pask

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  1. Like
    pask got a reaction from NicoD in NanoPi M4 V2 - M4 Image not working   
    Great job, @piter75!
     
    "current" buster desktop works well for me. The debug ttl console too.
    Performance are much better than default friendlyelec 4.4.y kernel's ones, although not overall better than those of the ddr3 version 1 nanopi m4 (see https://www.cnx-software.com/2019/10/28/nanopi-m4v2-kit-review-part-2-friendlycore-desktop/):
    Memory performance (big.LITTLE cores measured individually):
    memcpy: 1880.5 MB/s (0.6%)
    memset: 8430.7 MB/s (0.6%)
    memcpy: 3729.4 MB/s
    memset: 8492.3 MB/s (1.0%)
    Complete sbc-bech results here: http://ix.io/23eC
     
    Both sd card read and write speeds are good: 70MB/s with a sandisk 32GB extreme pro card
     
    Stability also looks good, but requires more time to be tested.
    As soon I'll be able to run some panfrost benchmarks, I'll update. By the way, desktop experience is smooth and stable and sound works too, but lack of acceleration is limiting when watching videos, although the 5.4 kernel improved speed over the 4.4.y is evident.
     
    The only "small" issue I have found so far, is that boot is a bit slow. And for about 30 seconds I do not see any activity, neither on the serial console, nor on hdmi. Perhaps because of  "printk: bootconsole [uart8250] disabled" ?
     
    I'm going to do some usb storage tests, before considering this board ready for replacing the raspberry pi4 I use at the moment as my home nextcloud server.
  2. Like
    pask reacted to tkaiser in Announcement : Odroid N2   
    No, you do NOT know when you're finished firing up your next round of passive benchmarking tests spitting out some numbers. You need to know what's going on to generate answers to the question 'why is A faster than B' and also 'what is the limiter on A and why can't A not be twice as fast'? You missed this change and attributed faster RockPi scores to DDR4 vs. DDR3 memory while in reality you compared old Armbian kernel config with newer one. This whole passive benchmarking approach (and IMO 'technical' Youtube videos in general) always only contributes to confusion and generates zero insights.
     
    The general rule of passive benchmarking and what in fact happened here is: you benchmark A, but actually measure B, and conclude you've measured C (what's needed instead is Active Benchmarking)
     
    What matters are insights, settings and software. And this not only applies to RK3399 but to N2/S922X too of course. So with your use case that utilizes all CPU cores in parallel you surely should go with S922X (since being definitely faster than RK3399 with everything that's multi-threaded), then use a kernel with CONFIG_HZ=100 and an optimized software stack. With Gentoo for example, most recent GCC, optimal/aggressive compiler flags for the A53/A73 combo and a CONFIG_HZ=100 kernel on the N2 your Blender job might finish in less than 40 minutes (maybe just 20 or even less if a programmer equipped with knowledge starts to look into Blender code and adds NEON optimizations to the performance critical code parts -- see here for a great example of Active Benchmarking and adding NEON optimizations on ARM to a software that utilizes SIMD Extensions only on x86 so far just like SSE2 optimized Blender does)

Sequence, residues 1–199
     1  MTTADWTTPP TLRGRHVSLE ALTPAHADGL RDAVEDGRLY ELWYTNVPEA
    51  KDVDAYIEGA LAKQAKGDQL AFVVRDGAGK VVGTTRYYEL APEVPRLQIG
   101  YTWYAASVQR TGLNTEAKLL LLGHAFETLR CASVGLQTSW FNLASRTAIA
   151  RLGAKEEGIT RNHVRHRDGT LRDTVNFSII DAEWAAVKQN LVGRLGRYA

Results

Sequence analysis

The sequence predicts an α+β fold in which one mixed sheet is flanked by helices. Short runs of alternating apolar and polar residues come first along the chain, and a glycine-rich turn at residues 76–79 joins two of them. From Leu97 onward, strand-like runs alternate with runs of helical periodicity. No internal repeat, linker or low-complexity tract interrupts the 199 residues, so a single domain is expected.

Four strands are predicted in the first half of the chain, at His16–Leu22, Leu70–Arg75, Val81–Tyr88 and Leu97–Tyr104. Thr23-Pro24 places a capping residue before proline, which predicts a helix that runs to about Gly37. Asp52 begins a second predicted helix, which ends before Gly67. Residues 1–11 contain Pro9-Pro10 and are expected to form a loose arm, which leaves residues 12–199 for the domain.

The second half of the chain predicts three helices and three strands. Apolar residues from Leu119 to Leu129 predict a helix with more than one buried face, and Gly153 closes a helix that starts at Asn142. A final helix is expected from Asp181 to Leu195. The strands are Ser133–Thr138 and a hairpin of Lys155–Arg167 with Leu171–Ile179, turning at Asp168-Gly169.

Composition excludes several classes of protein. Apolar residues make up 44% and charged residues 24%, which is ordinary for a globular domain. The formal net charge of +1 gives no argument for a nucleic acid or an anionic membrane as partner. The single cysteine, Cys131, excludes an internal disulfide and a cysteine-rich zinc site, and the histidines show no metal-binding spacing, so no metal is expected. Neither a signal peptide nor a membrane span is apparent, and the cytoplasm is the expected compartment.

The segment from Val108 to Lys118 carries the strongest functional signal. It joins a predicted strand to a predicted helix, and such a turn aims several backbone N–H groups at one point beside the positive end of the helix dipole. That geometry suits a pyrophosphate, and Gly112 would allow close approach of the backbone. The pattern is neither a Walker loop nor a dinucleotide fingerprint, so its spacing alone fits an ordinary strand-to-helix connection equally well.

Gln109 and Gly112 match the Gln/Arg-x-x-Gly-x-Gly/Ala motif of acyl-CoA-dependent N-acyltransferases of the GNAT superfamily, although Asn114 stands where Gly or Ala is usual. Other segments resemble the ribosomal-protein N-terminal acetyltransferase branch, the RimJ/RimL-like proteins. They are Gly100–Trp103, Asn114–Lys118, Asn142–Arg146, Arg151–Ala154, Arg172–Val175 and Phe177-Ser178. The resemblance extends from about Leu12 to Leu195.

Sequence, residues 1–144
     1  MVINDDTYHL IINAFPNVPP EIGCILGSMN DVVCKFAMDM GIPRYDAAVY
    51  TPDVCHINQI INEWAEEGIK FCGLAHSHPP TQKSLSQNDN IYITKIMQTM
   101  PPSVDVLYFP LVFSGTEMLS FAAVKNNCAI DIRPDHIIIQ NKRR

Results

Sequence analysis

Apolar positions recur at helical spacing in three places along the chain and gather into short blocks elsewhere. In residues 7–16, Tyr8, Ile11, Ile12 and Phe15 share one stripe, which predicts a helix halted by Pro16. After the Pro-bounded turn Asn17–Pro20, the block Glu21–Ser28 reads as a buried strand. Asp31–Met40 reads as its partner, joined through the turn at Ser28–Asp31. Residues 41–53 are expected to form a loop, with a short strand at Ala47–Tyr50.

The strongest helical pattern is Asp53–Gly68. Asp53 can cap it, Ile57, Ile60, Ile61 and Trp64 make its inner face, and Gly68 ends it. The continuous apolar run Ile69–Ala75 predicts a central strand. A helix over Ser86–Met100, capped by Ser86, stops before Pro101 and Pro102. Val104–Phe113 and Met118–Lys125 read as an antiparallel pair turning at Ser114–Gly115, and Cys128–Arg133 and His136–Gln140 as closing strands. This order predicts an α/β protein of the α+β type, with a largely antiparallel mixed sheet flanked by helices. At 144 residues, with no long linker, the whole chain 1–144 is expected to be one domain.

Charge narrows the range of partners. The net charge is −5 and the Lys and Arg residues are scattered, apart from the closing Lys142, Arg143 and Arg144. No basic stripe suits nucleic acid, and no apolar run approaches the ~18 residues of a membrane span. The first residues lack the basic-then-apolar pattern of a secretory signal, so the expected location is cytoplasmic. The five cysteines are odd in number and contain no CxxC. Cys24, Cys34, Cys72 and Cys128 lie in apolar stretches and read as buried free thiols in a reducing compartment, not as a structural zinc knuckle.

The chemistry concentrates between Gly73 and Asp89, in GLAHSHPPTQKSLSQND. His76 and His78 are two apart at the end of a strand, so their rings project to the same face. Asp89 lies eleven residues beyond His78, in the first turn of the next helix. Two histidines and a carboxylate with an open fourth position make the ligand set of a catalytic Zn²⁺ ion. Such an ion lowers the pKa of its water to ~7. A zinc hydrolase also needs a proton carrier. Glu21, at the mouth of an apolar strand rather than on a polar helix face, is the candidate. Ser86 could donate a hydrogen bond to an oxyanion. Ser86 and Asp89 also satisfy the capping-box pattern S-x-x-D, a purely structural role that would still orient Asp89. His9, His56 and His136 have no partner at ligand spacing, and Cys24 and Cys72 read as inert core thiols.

The price you'll pay is a few weeks of your life needed to become a Linux expert since there's nothing ready. Choosing Armbian is usually a matter of convenience but if you want software that performs as fast as possible it's a problematic choice since the software stack is not meant to be performant but to be compatible and stable (funny joke since Armbian's own approach with kernel/bootloader updates is the opposite). The two distro variants Armbian provides are
    Ubuntu also known as 'everything outdated' Debian also known as 'everything outdated as hell' (there are areas where Armbian is in fact faster than other Ubuntu/Debian based images or distros using a more modern software stack like Gentoo or Fedora but this is due to what separates Armbian from the stock Debian/Ubuntu stuff: settings like CPU/IRQ affinity, thermal/DVFS tuning, zram, log2ram and such stuff. But two guys who mostly took care of this contributed nothing to Armbian for a longer time now and no idea how Armbian evolves here in the future. On EoL platforms like Allwinner H5 IRQ affinity is already broken but nobody cares)
     
  3. Like
    pask reacted to piter75 in NanoPi M4 V2 - M4 Image not working   
    There is one thing that comes to my mind... I have some features disabled in my config-minimal.conf.
    I have AUFS disabled for sure, which is irrelevant. Will let you know about the rest later.
     
    Dev kernel should have a sound card working by now 😉
  4. Like
    pask reacted to TonyMac32 in NanoPi M4 V2 - M4 Image not working   
    That would be pretty interesting to debug, I've always been horrified at the "division of labor" between the two, sometimes U-boot configures some hardware and the kernel just assumes it's there, sometimes not, no standard... 
     
    Drive levels are a possibility, perhaps the 4.4 kernel is assuming U-boot configured the I/O levels, or maybe a regulator is being set up in FriendlyElec's u-boot that isn't in mainline.
     
    All I know for sure is I want anything with RK3399 in it to behave logically and consistently, which seems too much to ask most of the time...
  5. Like
    pask got a reaction from NicoD in Review video : NanoPi M4V2